Do our Covid rulemakers realise the importance of worship?
Amid curbs on gathering, religious belief and expression matter the most for many people
If we are believers, if we have faith, if we subscribe to a religion, we are not currently permitted to attend public worship.
It might seem strange and disrespectful to compare God and groceries.
But there is a reason for doing just that. And that reason has been provided by the pandemic.
Right now, we can go our local shop and buy food, alcohol and, hopefully, a newspaper and anything else deemed “essential”. We can head off to our closest large supermarket and walk the aisles with dozens of other shoppers to stock up on groceries or, like many you see at weekends, on cans of beer.
Helpful staff will tell us where certain products are, keep the shelves stacked and operate the tills. It’s all permitted under Level-5 restrictions.
If we are stopped by gardaí on the way there or back all we have to do is say “We’re just getting the groceries” and we’ll be waved on.
But if we were to say, “We’re going to Mass or to the mosque”, there might be a different response. Because if we are believers, if we have faith, if we subscribe to a religion, we are not currently permitted to attend public worship.
Whether we are Catholics or Protestants or Christians of some other denomination, Jewish, Muslim, Hindu or any other religion, we cannot attend regular religious services.
Apart altogether from the fact that many places of worship are vastly bigger than your average supermarket, there is another aspect of the ban on worship which seems to have escaped the attention of those making the rules.
For many people of faith, religious services and the comfort provided by public worship are more important than stocking up on potatoes, breakfast cereal or wine. In short, for believers, God is more important than anything else.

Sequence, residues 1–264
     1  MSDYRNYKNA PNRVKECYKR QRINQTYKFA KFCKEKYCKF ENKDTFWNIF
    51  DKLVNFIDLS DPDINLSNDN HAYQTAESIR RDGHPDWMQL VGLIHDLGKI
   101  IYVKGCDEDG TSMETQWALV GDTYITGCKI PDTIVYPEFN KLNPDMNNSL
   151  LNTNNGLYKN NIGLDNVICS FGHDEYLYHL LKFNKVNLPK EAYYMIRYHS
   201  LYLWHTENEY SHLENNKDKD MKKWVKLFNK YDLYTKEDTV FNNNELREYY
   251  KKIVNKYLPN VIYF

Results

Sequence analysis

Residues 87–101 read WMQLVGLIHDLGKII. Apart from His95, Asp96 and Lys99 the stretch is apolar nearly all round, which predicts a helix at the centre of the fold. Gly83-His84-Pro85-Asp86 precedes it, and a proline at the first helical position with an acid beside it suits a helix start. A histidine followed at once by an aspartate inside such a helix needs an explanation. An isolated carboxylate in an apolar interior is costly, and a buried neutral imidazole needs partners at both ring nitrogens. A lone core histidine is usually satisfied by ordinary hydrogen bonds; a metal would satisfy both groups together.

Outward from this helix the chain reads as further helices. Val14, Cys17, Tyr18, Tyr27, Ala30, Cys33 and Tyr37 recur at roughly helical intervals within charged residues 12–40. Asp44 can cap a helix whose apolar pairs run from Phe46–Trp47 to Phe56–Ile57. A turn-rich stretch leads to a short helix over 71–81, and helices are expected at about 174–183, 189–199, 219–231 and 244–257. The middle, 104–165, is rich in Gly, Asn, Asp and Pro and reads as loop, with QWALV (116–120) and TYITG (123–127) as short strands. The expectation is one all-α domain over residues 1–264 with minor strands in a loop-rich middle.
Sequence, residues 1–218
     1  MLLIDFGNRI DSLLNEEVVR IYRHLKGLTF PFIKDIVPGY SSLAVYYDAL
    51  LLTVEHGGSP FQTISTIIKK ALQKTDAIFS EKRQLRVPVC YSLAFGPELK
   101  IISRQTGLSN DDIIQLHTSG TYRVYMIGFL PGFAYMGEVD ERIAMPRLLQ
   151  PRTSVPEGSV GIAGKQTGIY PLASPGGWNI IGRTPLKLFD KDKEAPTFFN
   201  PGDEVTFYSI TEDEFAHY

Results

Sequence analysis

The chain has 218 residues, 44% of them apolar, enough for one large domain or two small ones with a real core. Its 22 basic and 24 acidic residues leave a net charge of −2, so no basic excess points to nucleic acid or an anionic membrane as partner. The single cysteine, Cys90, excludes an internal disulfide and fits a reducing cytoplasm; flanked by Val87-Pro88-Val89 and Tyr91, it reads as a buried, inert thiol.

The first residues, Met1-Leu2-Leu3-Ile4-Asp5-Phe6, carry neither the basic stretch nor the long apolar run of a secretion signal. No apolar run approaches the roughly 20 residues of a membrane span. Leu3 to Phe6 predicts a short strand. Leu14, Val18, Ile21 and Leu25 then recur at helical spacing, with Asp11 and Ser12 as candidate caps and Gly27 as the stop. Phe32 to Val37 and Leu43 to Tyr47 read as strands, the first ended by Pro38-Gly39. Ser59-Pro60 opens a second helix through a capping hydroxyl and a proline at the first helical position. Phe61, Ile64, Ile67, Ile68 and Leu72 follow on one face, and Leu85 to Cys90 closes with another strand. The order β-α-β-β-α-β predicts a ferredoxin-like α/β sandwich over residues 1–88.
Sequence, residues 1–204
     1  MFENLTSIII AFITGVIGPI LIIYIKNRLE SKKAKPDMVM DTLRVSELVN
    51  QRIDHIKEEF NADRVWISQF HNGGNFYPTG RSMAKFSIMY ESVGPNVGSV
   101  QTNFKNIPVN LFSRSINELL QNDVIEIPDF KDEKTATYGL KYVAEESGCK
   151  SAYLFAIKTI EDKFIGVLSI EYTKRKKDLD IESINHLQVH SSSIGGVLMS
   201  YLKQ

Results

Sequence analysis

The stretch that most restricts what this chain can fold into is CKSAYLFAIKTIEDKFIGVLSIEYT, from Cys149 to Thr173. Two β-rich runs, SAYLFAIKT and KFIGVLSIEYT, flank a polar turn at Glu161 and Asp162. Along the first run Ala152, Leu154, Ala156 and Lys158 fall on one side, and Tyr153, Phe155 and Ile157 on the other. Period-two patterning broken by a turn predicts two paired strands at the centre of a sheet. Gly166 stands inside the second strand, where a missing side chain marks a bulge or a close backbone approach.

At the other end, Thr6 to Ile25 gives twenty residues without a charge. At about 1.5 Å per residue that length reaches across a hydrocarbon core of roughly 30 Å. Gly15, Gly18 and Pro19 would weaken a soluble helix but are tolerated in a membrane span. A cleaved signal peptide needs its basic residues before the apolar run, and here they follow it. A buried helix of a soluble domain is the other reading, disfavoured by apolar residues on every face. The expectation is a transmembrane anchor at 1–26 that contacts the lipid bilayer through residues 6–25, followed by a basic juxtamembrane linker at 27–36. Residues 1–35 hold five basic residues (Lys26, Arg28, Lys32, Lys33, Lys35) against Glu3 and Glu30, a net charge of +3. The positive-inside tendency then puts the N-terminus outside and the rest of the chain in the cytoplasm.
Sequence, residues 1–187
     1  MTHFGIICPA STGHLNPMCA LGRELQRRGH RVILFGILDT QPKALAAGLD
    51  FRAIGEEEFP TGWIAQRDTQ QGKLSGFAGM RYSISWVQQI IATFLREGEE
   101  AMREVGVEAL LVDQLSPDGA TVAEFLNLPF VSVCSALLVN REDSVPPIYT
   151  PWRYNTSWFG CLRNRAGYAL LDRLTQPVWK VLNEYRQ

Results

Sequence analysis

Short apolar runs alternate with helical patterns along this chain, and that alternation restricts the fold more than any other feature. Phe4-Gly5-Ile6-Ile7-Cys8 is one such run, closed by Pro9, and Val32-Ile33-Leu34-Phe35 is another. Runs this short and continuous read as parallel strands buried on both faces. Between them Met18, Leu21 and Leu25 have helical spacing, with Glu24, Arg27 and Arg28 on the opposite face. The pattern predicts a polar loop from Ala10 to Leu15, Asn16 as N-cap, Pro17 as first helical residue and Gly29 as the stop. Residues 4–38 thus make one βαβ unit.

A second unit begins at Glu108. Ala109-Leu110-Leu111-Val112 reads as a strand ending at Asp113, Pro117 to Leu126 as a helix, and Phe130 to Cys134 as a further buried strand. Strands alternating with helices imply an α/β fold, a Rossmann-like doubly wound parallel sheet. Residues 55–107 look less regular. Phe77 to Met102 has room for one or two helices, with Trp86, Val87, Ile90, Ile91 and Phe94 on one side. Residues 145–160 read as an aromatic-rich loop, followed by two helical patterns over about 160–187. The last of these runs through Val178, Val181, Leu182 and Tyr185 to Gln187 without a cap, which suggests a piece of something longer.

I know that’s hard for non-believers to grasp. It’s actually hard for believers to grasp. But, for many, belief is an essential part of their lives.
St Matthew told us we couldn’t serve God and mammon, clearly suggesting there was no contest. God came first. And that is the way it is for many believers even if they are doubters or Catholics troubled by the scandals which have been exposed over the years and by the way the church deals with our gay brothers and sisters and women in general.
For many, religious services and public worship are more important than potatoes, breakfast cereal or wine
By now, of course, the mockers will be typing away furiously about how those of faith believe in an imaginary being, the flying spaghetti monster or whatever other term they wish to use. They can do so.
But it won’t alter the fact that those of many faiths believe worship to be a crucially important part of their lives. They see people piling into supermarkets while their places of worship remain closed for services.
There are many other places, of vital importance to many people, which are shuttered and closed, like bookshops, theatres and cinemas. Personally, I miss our music venues. I now have a collection of 17 unused tickets for gigs all over Dublin which were cancelled or postponed due to Covid-19.
That has all been explained. We can’t gather or leave home to do things or go places where others might gather, unless absolutely necessary.
But do those who make the rules realise how important worship is for many, many people in this country? Do they realise that for those of faith, attending services is necessary? I don’t think so.
Small numbers could be allowed into large places of worship without risk if the supervision was strict
Do they grasp the fact that for many, their beliefs matter more than anything else? I don’ t believe they do.
It’s 2021. I know religion is no longer where it was. It no longer rules the lives of everyone in the country as it once did. And that’s a good thing. But I also believe that casting it aside altogether, ignoring those for whom it is the purpose of life is, at best, unfair.
Maybe small numbers could be allowed into large places of worship without risk if the supervision was strict. Indeed, these days small numbers are all you tend to get at Sunday Mass in Ireland.
If gardaí can raid shebeens, they can visit places of worship to ensure rules are being obeyed. Cue mockery and derision.
Well, at least that’s still allowed.